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zaski

Do you use any surface on top of UM2 glass?

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I am using the bare glass of UM2 as the surface for printing.

Lately have found some scratches on the glass surface, probably caused by tools used to remove the printed parts.

For now I print with PLA only.

Do you use any kind of surface for printing PLA on UM2 on top of bed glass?

zaski

 

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I have been printing PLA at 220 with bed heated to 60 directly on the glass and have found that if you let the print cool thoroughly, no tools are needed to remove it. At least so far I haven't had to deal with any seriously "stuck" prints.

Some use a thin coat of glue that has been watered down, or things like Kapton tape or blue painter's tape.There are a few other products out there being released like buildtak.

 

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Actually my prints stick to the glass very well. And usually I am able to remove printed parts letting the glass cool down. However when I print some parts with a large base I need to use a spatula to remove the part. As a consequence the glass has some scratches on the surface.

I have used some surface materials with other printers like pet, Buildtak, pei, and others. On the UM2 I have never used anything on the glass, just glue stick but rarely.

My concern is not about parts no sticking to the glass, but the scratches on the glass.

 

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Glass, wood, and blue tape are very inexpensive materials. Think of the glass as expendable. For now I recommend you flip the glass.

In countries like Spain where glass windows are common, every town has a glass shop where they will custom cut glass for you for very little money. Cheaper even than wood cut to the same shape.

I use a putty knife to remove the part and I have sharpened the dull blade with a file to make it sharp like a razor at the corner. Also I also recommend waiting for parts to cool before removing.

 

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Once the glass has cooled, put the plate in the freezer for a while, and the part will almost always pop or pull right off the plate. This works even better for large pieces than for small ones, because the total shrinkage is greater.

I also find that the condensation on the glass/glue after removing the plate from the freezer seems to refresh the glue surface, and makes it usable for as many as dozens of prints on the same spot.

 

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Hello all,

i did not read all the posts but i want to share my experience.

I had once a huge problem to take of my print from the bed. Bed cooled down and the model was really, really stucked to the plate. I never wanted and never used any mechanical tools. It took me lot of minutes to take it off and here is the result:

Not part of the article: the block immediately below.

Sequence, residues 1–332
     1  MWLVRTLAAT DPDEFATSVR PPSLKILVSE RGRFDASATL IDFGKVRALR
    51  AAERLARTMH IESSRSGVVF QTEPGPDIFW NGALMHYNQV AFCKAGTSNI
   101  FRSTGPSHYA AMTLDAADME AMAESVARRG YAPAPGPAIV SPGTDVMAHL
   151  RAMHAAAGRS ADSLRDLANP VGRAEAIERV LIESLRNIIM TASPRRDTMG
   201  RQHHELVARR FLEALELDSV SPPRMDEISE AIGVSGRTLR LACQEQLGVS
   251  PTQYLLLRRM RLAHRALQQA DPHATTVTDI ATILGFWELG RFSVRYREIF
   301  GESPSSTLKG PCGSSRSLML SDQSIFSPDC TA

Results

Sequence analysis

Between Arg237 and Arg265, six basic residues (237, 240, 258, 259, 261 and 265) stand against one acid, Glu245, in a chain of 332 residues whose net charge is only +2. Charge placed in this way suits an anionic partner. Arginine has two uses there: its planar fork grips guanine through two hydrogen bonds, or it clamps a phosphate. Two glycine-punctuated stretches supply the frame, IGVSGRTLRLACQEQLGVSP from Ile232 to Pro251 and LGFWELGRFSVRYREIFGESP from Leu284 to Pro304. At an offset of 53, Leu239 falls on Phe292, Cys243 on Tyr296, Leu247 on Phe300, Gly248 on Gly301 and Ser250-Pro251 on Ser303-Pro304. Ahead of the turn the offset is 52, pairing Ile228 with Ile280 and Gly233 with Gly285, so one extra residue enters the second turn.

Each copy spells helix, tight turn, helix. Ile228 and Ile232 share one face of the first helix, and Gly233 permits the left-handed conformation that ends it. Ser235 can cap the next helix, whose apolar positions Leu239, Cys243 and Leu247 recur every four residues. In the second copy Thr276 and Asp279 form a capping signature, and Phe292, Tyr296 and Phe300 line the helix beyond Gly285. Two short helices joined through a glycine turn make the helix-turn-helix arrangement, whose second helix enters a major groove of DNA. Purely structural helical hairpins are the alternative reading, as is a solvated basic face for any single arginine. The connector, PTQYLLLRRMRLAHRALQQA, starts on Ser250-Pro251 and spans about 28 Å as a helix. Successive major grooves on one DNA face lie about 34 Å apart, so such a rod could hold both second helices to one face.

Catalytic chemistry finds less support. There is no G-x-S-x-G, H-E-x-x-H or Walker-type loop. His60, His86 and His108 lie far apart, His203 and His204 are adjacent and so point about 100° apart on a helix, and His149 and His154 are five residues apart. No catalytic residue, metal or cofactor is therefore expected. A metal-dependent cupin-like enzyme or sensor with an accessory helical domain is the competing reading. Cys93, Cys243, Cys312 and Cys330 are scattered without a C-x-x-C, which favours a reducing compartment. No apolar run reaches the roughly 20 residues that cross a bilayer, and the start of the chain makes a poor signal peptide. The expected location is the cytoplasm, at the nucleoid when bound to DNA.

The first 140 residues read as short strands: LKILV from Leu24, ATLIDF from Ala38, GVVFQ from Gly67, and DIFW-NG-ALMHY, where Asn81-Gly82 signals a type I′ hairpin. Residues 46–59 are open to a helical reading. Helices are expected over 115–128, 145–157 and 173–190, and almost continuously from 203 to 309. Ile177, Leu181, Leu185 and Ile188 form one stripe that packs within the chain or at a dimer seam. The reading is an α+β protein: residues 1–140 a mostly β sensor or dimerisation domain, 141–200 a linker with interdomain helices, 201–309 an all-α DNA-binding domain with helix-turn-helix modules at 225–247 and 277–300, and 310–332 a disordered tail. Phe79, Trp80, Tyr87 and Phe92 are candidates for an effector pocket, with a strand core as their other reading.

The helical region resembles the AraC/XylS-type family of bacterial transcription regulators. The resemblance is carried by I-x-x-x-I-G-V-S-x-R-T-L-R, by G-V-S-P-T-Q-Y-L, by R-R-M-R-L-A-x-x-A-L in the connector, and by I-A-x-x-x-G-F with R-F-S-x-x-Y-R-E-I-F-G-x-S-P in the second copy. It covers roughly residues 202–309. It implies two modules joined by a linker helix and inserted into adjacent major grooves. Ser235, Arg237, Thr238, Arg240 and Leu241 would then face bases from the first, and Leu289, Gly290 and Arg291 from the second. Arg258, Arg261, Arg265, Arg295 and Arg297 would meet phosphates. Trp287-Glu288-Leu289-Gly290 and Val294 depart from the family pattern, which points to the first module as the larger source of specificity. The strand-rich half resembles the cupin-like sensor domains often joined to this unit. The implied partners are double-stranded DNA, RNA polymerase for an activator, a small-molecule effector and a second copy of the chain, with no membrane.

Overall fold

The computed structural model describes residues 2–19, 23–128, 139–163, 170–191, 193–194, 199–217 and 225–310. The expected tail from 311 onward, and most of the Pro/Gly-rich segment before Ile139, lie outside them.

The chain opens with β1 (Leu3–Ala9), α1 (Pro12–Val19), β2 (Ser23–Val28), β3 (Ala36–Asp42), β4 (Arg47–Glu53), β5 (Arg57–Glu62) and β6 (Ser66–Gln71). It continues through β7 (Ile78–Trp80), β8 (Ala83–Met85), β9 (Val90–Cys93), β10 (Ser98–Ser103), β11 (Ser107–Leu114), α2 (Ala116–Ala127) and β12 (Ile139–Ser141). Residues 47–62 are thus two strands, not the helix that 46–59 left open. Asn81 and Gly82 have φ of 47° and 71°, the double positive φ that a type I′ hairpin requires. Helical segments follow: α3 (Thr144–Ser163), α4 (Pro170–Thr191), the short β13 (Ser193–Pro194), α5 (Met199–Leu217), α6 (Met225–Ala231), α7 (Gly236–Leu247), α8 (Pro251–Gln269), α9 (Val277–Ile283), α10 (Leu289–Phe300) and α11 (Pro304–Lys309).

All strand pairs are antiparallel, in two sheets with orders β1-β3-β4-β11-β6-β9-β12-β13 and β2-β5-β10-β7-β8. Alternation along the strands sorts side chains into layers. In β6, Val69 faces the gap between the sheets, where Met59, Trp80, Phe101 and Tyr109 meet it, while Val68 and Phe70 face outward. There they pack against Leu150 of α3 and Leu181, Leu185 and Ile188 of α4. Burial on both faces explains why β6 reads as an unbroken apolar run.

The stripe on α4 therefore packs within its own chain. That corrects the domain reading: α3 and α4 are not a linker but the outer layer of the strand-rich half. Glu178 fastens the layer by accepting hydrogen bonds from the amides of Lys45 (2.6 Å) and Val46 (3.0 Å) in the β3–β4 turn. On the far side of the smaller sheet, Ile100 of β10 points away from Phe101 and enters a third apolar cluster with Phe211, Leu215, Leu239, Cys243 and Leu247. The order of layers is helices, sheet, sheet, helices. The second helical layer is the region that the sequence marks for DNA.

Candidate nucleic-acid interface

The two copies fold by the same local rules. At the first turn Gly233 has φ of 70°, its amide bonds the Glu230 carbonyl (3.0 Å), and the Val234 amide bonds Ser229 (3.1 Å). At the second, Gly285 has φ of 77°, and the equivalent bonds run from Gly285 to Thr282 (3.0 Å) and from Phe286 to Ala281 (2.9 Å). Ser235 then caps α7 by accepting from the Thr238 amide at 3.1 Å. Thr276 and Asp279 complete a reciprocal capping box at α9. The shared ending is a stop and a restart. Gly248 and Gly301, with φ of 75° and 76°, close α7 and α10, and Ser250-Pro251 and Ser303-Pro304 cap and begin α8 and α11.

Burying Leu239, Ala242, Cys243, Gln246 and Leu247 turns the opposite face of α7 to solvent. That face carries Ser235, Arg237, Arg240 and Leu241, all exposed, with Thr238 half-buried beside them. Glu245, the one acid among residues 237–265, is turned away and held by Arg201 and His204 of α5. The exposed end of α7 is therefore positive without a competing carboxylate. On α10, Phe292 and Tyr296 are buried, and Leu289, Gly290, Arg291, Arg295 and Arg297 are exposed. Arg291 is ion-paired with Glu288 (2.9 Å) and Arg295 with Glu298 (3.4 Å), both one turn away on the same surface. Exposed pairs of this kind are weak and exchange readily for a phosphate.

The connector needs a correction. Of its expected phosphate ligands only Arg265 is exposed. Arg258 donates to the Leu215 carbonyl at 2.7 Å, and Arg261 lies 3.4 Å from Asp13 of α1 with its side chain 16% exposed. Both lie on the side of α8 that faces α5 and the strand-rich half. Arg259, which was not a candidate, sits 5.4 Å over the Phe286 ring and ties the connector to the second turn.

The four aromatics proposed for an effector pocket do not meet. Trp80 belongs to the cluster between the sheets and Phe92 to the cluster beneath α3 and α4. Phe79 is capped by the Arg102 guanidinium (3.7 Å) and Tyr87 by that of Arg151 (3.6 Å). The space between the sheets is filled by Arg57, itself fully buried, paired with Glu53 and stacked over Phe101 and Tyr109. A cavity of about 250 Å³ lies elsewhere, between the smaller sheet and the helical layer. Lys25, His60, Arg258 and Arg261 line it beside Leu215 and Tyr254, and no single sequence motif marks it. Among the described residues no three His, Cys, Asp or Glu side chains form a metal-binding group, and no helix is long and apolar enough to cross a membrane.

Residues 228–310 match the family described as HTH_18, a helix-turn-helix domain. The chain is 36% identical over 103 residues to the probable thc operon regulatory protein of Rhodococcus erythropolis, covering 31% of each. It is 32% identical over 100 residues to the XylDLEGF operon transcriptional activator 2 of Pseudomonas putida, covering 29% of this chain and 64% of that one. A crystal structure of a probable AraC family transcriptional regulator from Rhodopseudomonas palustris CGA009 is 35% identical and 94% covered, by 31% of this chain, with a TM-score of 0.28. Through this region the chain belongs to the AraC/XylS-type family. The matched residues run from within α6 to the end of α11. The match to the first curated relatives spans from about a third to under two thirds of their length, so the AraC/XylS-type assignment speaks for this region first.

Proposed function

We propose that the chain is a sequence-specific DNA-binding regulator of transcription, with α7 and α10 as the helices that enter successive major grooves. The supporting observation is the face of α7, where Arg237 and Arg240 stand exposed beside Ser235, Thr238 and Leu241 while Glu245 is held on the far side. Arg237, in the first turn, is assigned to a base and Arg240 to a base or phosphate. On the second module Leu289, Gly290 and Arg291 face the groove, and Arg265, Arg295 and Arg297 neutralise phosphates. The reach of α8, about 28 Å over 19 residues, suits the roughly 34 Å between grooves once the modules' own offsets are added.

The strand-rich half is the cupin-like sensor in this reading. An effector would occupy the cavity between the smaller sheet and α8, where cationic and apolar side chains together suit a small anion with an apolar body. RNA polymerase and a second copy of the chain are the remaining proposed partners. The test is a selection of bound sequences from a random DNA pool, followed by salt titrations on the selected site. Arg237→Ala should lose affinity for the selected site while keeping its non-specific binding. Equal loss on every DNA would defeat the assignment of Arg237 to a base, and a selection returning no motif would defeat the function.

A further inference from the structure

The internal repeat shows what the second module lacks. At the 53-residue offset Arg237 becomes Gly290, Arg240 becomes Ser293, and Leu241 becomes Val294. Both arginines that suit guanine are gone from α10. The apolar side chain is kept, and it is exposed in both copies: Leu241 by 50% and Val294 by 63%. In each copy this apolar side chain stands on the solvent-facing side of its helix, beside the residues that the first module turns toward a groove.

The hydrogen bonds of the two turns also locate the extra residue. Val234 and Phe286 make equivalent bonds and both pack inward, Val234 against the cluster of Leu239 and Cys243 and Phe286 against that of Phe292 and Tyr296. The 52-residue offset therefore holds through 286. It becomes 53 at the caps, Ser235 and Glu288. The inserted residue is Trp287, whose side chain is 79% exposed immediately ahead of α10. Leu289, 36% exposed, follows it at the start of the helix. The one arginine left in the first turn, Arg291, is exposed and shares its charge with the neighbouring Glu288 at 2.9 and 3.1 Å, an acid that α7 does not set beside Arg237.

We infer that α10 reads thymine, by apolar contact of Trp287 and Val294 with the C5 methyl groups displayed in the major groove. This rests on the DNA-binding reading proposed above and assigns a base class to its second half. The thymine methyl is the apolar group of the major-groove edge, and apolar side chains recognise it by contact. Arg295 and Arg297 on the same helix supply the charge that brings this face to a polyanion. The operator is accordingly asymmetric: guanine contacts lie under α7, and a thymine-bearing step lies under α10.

http://umforum.ultimaker.com/index.php?/gallery/image/13169-img-20150113-wa0014/

funny it wasn't even thick. After couple of hours i wanted to print again and wanted first to clean my heat bed because some of the pieces were still on the bed.

I used the master magic tool to clean the plate:

http://online.konzum.hr/images/products/080/08036050l.gif

After i printed the same model again i wanted to try it.... few drops of the glass cleaner and the model went off almost alone from the plate. On smaller prints i only set few drops on my nail and come with my nail to the bottom of the model. Few drops remove the sticked model.

PS: it doesn't matter if you use glue or not.

 

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Do you mean I can replace it with any cheap glass ?

 

Yes. Get the correct thickness. Ultimaker uses tempered glass but that's not necessary. Some people use more expensive pyrex glass. But Ultimaker doesn't. So just get the cheap glass. Have them grind the corners so it isn't sharp.

 

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I use two different types of glue on the heated bed - UHU glue stick and some really cheap no-brand garbage. For smallish models the cheap stuff is perfect, and once the bed is cool the models usually come off very easily. The only thing is that overprinting the glue lasts only a few times, and then things get harder to pull off. So, I usually clean the plate once or twice a week and re-glue when the plate is hot (65C).

The UHU glue I use for bigger models and ABS. The problem is that the parts stick on to the glass like they will never come off. Mechanical removal is fraught with the possibility of slicing off essential parts of one's anatomy, or at least bits I still want to hang on to. So then I resort to freezing the glass and model once the glass is at room temperature, and that works a charm.

 

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